With the unprecedented extension of the Legislative Council’s term by one year, the fate of four Hong Kong government bills previously thought to be dead in the water is again hanging in the balance, with lawmakers across the ideological spectrum set to revisit their stances on the legislation amid soaring political tensions.
The uncertainties surrounding the government’s policymaking came as the last Legco session before summer saw the ditching of four separate pieces of draft legislation aimed at tackling the city’s housing supply, premium taxi services, e-cigarettes and waste disposal.
Consumed with internal political strife and beset by delays caused by the coronavirus pandemic, the Legco bills committees gave up on scrutinising the four bills in June, citing a lack of time necessary for proper vetting before the end of the term in July. The government at the time expressed “deep regret” with the shelving of each bill, some of which have languished for years.
Get the latest insights and analysis from our Global Impact newsletter on the big stories originating in China.
However, given Beijing’s controversial extension of Legco’s current term by another year, and the fact that most of the incumbent legislators have committed to serving out the term, the legislature is expected to resume discussion of the four aborted bills after a House Committee meeting next week.
The bills deal with measures establishing a new class of premium taxis, banning the sale of electronic cigarettes, introducing a mandatory waste disposal charge and creating a vacancy tax to punish developers which leave flats empty for long periods.
However, questions still linger over their respective fates, as lawmakers across the political spectrum may find themselves having second thoughts about the bills.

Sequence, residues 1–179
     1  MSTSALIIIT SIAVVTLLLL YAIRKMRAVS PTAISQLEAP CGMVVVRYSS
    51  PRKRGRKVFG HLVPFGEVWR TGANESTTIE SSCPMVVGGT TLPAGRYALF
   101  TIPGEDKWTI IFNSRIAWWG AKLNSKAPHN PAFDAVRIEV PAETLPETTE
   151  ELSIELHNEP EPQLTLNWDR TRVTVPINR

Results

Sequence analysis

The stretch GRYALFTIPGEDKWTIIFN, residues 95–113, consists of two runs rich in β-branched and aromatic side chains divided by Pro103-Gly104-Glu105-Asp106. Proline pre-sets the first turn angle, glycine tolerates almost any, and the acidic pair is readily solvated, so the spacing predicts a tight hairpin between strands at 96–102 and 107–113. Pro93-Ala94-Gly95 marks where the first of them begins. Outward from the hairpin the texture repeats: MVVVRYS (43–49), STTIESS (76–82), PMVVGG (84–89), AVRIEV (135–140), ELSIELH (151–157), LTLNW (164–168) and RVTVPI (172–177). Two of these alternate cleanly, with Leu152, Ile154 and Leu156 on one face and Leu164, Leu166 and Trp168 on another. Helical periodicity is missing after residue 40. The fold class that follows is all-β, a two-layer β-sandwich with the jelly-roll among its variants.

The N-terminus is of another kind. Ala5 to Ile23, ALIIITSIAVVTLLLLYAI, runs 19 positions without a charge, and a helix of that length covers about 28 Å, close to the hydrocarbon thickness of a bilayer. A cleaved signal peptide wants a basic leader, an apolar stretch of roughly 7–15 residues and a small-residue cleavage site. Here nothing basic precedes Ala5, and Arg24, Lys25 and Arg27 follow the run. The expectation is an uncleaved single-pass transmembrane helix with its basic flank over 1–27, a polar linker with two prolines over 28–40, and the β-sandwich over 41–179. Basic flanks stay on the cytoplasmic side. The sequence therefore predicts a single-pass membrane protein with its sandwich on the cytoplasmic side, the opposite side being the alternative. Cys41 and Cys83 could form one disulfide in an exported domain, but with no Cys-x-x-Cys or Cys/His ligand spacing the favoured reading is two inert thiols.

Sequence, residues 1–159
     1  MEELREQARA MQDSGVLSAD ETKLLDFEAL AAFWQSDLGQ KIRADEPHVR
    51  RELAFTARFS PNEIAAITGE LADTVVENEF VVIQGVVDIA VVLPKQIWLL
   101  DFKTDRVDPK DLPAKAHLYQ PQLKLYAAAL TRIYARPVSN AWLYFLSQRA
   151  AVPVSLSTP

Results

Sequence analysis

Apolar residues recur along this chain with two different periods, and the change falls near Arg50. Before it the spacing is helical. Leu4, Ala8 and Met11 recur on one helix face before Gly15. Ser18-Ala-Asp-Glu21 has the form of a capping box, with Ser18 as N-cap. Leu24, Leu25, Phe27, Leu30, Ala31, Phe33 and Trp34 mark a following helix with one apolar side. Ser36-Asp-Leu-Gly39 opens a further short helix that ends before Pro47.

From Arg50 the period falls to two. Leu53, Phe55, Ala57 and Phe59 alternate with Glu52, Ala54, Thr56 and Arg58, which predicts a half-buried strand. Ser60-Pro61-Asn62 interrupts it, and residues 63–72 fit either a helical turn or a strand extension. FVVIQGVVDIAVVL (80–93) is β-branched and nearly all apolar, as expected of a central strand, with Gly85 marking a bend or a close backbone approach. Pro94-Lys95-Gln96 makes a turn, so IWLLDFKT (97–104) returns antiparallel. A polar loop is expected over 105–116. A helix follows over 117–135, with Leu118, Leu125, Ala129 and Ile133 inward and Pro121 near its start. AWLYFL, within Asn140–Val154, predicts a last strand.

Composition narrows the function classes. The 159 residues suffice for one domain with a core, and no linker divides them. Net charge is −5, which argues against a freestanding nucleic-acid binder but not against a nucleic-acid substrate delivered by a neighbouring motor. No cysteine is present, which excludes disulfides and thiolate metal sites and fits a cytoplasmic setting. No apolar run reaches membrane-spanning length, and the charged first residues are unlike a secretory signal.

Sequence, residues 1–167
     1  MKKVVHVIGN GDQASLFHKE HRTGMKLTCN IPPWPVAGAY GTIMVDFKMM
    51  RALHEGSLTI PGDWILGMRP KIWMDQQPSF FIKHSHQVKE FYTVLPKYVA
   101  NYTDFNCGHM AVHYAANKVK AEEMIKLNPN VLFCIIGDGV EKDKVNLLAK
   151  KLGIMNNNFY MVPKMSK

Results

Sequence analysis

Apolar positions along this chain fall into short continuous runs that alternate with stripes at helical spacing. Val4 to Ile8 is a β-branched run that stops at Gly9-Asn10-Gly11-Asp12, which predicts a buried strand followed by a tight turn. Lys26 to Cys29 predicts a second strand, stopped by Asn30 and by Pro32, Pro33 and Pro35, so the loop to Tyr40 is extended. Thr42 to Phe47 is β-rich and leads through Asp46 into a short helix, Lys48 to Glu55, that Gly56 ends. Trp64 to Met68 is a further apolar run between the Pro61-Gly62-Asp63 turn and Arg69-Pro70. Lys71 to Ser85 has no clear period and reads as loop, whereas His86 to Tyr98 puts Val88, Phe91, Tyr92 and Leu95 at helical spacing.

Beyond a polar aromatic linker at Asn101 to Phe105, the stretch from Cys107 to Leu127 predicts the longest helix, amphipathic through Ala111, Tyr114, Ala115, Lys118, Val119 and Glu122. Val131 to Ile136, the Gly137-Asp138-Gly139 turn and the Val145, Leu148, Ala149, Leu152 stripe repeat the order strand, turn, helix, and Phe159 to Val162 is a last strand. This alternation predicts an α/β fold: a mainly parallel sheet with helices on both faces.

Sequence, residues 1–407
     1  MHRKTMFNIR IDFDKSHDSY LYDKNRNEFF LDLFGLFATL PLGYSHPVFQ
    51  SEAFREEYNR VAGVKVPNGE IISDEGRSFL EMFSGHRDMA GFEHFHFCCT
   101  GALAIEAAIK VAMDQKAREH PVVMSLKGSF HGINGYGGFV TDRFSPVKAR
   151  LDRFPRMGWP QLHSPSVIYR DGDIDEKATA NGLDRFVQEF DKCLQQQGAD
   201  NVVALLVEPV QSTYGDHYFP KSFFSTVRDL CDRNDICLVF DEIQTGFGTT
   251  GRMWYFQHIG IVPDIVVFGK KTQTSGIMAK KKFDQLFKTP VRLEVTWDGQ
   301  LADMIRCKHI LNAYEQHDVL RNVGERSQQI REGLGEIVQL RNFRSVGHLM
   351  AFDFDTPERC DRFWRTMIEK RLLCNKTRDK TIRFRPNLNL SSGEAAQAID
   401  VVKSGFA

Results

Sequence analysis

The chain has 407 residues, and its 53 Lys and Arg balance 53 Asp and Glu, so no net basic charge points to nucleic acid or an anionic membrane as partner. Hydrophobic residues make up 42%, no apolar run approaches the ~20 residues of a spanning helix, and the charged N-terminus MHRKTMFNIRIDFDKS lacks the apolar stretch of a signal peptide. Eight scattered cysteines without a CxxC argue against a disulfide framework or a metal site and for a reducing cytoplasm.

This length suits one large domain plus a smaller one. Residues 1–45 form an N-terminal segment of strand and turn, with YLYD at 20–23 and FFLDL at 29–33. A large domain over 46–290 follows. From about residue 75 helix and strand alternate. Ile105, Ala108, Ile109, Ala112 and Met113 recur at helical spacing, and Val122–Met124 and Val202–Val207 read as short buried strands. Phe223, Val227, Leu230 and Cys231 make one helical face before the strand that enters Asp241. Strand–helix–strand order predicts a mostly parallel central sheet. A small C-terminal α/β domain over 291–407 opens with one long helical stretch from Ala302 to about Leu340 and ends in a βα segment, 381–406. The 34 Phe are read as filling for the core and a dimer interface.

Wu Chi-wai, chairman of the opposition Democratic Party, which has seven Legco seats, said that even if the scrutiny of the four bills resumed, his party’s lawmakers would approach them from the perspective of whether they better enabled the government to quash dissent.
“The Legco extension is unprecedented and we are not sure if the four bills committees will resume working. I assume the House Committee meeting will handle this issue and we’ll have the answer,” he said.
“Even if the work will continue, the Democratic Party now adopts a different approach. We’ll look beyond the bills themselves and revisit our stance for each bill. We will see whether the new laws would further empower the government to crack down on its opponents.”
Wu cited the current social-distancing rules as an example, arguing that what was introduced as an anti-pandemic measure had instead become a tool for police to crack down on protesters under the pretext of arresting those violating the restrictions on public gatherings.
“It’s supposed to be the job of the health inspectors. Now it becomes a political tool for police to casually arrest people,” he said.